The world of art has changed rapidly over the last few decades, especially when we consider that an entirely new type of art – digital art – has quickly become one of the most popular ways of creating new kinds of art.
Thanks to the power of modern computing and skilled developers, we have a wide range of different digital art tools, programs, and applications at our disposal, each one offering something unique to the artist looking to break into the scene or expand their set of skills.
Corel provide plenty of different software choices aimed at creative people, and one of the most popular is their Painter application. This is a great option for artists, students and designers, and it works across a range of different platforms.
There are different modes to choose from, with one even providing the artist with thick paint which they can paint across their digital canvas. Brushes come in all shapes and sizes, and the user can even create their own, customised palettes and brushes to fit their style.
Developed and maintained by Adobe, most people have heard of Photoshop. It’s a part of Adobe’s vast range of powerful creative software and is arguably one of the most well-known programs in the world. There’s not a lot that an artist can’t do on Photoshop, and there’s a reason that Adobe has come to dominate much of the creative sphere over the last few decades.
Photoshop is also easy to learn and use, and there’s plenty of great documentation available to become more acquainted with everything that it has to offer. Along with this, users can expect a great range of extremely powerful features aimed at artists of every kind, including designers and photographers.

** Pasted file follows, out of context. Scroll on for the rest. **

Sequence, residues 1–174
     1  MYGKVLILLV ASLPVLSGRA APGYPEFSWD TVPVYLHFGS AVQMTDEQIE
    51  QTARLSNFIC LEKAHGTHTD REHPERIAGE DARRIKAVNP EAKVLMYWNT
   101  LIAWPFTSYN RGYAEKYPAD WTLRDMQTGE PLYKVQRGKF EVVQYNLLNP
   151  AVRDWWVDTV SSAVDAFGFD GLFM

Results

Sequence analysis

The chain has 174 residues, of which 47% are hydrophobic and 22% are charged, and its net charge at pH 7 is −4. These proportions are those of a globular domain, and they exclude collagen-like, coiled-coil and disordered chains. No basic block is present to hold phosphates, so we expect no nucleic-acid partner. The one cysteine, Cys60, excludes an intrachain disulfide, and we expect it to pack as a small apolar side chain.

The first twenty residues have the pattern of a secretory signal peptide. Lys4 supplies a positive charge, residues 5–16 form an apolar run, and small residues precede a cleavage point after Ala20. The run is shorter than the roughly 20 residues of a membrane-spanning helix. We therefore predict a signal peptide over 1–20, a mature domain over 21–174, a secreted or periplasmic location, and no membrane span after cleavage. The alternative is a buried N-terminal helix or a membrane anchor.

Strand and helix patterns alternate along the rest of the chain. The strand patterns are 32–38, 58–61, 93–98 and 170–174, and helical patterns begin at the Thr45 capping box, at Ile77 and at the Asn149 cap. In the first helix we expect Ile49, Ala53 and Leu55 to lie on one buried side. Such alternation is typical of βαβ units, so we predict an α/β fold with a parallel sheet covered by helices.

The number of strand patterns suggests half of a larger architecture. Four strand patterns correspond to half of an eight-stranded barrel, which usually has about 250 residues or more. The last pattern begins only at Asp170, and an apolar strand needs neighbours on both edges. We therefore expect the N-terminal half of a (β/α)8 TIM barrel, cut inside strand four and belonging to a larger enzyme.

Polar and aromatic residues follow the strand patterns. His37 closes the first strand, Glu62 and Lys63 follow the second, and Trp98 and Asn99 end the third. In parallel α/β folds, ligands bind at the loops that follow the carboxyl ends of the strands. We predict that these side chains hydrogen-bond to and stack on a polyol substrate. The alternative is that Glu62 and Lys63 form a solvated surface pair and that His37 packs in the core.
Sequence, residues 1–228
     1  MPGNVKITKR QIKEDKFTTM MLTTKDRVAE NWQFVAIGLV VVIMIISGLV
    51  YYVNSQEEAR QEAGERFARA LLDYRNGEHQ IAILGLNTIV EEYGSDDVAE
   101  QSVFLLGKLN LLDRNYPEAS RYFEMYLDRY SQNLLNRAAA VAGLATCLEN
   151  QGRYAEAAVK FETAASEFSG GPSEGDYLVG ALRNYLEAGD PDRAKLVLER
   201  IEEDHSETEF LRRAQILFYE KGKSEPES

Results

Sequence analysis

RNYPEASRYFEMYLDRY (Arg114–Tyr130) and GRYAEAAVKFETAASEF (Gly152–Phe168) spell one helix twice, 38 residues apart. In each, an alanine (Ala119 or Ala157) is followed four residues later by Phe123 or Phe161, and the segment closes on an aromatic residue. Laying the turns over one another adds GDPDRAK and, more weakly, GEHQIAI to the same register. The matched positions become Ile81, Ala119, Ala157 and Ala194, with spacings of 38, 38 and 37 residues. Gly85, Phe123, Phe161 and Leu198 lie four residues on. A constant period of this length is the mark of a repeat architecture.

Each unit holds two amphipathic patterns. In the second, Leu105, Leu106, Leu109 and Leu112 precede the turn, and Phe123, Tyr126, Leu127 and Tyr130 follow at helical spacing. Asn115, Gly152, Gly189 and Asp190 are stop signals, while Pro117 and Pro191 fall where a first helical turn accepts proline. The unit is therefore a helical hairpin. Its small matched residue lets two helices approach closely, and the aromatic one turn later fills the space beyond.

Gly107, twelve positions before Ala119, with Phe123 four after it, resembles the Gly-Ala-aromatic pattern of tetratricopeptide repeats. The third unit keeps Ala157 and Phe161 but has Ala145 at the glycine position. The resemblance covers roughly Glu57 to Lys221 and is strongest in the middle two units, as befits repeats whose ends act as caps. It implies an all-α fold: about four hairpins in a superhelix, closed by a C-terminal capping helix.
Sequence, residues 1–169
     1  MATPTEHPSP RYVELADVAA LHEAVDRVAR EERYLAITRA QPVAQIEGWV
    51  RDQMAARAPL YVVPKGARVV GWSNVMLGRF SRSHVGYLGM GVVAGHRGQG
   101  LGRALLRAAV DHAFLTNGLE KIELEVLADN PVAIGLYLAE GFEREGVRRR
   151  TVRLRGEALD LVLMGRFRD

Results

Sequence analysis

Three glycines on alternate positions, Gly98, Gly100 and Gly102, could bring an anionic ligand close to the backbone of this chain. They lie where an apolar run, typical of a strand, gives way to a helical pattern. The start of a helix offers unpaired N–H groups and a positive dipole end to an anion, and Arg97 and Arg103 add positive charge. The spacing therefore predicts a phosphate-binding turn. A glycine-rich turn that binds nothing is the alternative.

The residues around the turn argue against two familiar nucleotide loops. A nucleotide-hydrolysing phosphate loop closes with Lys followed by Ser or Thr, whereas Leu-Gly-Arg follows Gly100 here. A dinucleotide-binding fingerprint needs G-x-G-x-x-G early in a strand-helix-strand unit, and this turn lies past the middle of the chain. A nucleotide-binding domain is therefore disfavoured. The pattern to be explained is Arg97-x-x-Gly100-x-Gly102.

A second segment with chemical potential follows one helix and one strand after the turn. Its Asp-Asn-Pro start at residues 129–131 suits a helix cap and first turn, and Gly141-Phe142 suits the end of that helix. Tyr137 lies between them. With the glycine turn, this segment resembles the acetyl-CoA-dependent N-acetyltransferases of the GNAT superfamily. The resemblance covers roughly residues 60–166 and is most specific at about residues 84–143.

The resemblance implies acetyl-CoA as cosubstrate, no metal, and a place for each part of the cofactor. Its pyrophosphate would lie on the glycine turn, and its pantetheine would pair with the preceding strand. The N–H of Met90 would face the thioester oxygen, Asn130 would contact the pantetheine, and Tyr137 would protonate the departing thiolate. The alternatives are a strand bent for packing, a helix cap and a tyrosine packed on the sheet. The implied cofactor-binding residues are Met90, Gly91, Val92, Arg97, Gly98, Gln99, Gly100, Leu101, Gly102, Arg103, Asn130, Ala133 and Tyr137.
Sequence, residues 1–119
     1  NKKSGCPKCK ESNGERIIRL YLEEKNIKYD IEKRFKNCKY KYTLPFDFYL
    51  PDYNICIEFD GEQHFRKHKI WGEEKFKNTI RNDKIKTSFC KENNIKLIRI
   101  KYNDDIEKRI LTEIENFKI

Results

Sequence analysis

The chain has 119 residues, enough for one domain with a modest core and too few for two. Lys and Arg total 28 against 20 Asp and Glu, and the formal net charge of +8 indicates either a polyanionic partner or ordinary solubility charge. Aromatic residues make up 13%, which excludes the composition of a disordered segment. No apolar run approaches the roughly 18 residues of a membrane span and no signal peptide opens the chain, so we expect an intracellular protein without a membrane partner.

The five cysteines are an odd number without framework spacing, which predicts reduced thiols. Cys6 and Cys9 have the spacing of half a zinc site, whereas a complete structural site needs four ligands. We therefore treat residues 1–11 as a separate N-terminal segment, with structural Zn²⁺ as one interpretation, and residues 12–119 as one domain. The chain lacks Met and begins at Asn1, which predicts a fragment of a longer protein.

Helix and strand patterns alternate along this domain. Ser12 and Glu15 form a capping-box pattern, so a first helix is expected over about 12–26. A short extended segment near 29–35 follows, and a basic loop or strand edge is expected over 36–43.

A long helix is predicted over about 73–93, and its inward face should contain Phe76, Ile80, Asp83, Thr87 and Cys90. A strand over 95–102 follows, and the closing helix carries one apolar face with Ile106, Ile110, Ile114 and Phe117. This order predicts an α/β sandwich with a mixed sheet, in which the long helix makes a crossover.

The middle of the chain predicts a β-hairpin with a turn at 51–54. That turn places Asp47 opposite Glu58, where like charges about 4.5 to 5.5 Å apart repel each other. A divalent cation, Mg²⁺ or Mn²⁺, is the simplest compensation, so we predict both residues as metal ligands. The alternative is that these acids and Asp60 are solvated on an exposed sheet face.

When it comes to free and open source software, there are few better options than Krita. Developed by members of the KDE team, Krita is powerful creation and editing software that originally began as more of a Photoshop “clone” but has since developed into a unique application of its own. It works on a wide variety of platforms – although it performs best on Linux computers – and offers a great selection of modes, brushes, tools and more.
Krita is the go-to for any artists that also happen to have a passion for the open source world; but it’s also worth keeping in mind that due to the free nature of Krita, there is no official customer support being offered, so it might mean having to ask questions on a public forum and playing NZ mobile pokies until an answer is given.
Procreate will be familiar among artists that use iPads and iPhones, as its exclusive to these two platforms. Despite its exclusivity, it has become a favourite among digital artists thanks to its tight integration with Apple’s software and excellent set of features.
At a cost of just $10, it’s among the most affordable options on the market, and remains a solid choice for most artists with the right hardware.